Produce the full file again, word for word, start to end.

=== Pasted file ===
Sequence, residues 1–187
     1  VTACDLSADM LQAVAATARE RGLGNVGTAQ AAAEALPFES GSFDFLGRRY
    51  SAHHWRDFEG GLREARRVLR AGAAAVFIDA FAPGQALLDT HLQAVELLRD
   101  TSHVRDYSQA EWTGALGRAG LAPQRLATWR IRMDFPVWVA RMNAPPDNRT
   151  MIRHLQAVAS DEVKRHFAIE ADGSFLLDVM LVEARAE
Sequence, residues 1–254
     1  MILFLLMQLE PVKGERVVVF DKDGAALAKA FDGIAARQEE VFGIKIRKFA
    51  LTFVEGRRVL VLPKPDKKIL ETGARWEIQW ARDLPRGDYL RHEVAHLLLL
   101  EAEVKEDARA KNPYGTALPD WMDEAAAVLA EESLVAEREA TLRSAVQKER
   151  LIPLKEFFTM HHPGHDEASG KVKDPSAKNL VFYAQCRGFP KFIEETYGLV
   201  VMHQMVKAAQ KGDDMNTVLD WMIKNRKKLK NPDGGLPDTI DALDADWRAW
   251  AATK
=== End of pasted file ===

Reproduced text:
Sequence, residues 1–187
     1  VTACDLSADM LQAVAATARE RGLGNVGTAQ AAAEALPFES GSFDFLGRRY
    51  SAHHWRDFEG GLREARRVLR AGAAAVFIDA FAPGQALLDT HLQAVELLRD
   101  TSHVRDYSQA EWTGALGRAG LAPQRLATWR IRMDFPVWVA RMNAPPDNRT
   151  MIRHLQAVAS DEVKRHFAIE ADGSFLLDVM LVEARAE
Sequence, residues 1–254
     1  MILFLLMQLE PVKGERVVVF DKDGAALAKA FDGIAARQEE VFGIKIRKFA
    51  LTFVEGRRVL VLPKPDKKIL ETGARWEIQW ARDLPRGDYL RHEVAHLLLL
   101  EAEVKEDARA KNPYGTALPD WMDEAAAVLA EESLVAEREA TLRSAVQKER
   151  LIPLKEFFTM HHPGHDEASG KVKDPSAKNL VFYAQCRGFP KFIEETYGLV
   201  VMHQMVKAAQ KGDDMNTVLD WMIKNRKKLK NPDGGLPDTI DALDADWRAW
   251  AATK